Warning: name() is a code smell

Warning: name() is a code smell

Posted on February 03, 2012 0 Comments

This post was written in the same vein as Warning: text() is a code smell. If text() smells, then name() really reeks. There are exceptions of course, and I’ll enumerate the ones I can think of, but you’ll see that they’re pretty particular. Your best option may be to avoid fn:name() altogether, and to only use the other XPath functions that have to do with getting the name of a node, which includes:

This issue of using fn:name came up on an old developer list. One of our users had a subtle bug in their code that was hard to track down, and the root of the problem was due to the use of the name() function.

Before I explain what’s dangerous about the name() function, it may help to step back and think about the different parts of a node’s name. Let’s focus on elements, since, along with attributes, those are the node names we deal with most often in XML. Consider the following simple XML document (I encourage you to follow along in Query Console):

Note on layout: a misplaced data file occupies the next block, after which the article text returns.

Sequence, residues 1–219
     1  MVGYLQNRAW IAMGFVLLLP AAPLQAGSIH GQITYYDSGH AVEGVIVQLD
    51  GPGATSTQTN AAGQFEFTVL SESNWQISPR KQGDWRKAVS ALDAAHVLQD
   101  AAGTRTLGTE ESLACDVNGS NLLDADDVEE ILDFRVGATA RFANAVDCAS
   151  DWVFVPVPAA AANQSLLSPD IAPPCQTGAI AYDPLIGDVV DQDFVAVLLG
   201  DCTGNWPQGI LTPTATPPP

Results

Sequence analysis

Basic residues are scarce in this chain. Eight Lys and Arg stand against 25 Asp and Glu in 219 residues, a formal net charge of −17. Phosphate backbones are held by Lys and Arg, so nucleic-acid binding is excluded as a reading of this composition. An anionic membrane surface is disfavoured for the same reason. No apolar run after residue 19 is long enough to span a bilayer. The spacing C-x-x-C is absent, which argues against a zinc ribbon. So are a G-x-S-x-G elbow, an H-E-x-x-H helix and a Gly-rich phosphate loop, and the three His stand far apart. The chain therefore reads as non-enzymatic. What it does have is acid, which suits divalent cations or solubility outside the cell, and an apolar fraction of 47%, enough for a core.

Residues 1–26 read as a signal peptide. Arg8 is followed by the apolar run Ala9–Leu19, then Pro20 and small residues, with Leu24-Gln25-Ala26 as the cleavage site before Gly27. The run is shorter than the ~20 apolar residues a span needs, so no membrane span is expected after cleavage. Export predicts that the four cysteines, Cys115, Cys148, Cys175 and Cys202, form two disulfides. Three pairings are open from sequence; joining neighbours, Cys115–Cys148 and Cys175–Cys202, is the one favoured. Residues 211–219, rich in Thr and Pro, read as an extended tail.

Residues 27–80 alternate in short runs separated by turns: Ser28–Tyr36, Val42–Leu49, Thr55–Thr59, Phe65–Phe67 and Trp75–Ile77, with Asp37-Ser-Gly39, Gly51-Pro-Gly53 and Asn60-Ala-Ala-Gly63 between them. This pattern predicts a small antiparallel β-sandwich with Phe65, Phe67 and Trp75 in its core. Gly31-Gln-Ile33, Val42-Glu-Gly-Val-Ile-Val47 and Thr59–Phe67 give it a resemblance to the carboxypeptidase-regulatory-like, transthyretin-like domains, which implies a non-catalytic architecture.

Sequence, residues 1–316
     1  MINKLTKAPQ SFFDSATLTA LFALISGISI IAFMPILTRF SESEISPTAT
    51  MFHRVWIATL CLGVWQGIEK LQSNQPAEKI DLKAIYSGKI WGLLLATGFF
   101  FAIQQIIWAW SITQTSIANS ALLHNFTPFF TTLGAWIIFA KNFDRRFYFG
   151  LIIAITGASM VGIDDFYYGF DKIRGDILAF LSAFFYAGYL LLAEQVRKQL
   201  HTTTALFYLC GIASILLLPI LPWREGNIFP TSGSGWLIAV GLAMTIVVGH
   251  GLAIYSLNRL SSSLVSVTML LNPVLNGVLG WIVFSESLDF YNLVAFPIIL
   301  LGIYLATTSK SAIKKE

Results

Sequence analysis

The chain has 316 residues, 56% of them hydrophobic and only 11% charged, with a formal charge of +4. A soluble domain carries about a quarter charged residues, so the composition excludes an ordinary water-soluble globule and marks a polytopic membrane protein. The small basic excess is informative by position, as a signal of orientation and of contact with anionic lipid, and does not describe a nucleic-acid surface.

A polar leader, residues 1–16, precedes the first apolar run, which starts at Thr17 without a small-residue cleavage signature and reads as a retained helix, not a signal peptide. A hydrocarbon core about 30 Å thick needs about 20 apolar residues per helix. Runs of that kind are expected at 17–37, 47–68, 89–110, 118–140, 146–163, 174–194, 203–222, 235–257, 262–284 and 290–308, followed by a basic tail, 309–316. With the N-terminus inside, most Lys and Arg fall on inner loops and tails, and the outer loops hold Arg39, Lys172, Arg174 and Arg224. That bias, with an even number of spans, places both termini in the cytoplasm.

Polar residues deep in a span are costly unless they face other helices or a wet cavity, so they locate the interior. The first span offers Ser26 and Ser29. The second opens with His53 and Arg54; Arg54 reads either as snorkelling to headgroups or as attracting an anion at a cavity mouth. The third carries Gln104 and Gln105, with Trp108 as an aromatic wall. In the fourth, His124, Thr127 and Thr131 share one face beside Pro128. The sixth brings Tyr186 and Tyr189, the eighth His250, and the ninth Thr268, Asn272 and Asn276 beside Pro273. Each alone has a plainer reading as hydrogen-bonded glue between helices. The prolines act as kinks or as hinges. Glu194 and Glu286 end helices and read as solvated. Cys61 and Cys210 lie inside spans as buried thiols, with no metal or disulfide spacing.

Sometimes it’s useful to get a node’s name, because you don’t already know what it is, or because you want to query for a node by a substring in its name, such as get me the element whose name ends with a particular value. Otherwise, we can access, for example, the <title> element above using a simple XPath expression:


This is an equivalent (though not necessarily equivalently performing) query to the following:

doc("/test.xml")/*[node-name(.) eq xs:QName("doc")]
                /*[node-name(.) eq xs:QName("title")]
These are equivalent regardless of whether you have declared a default element namespace in the queries. It will select the same nodes in either case. Of course, given our sample document, it will only work if a default namespace is not declared in the query, because the sample document doesn’t use any namespaces.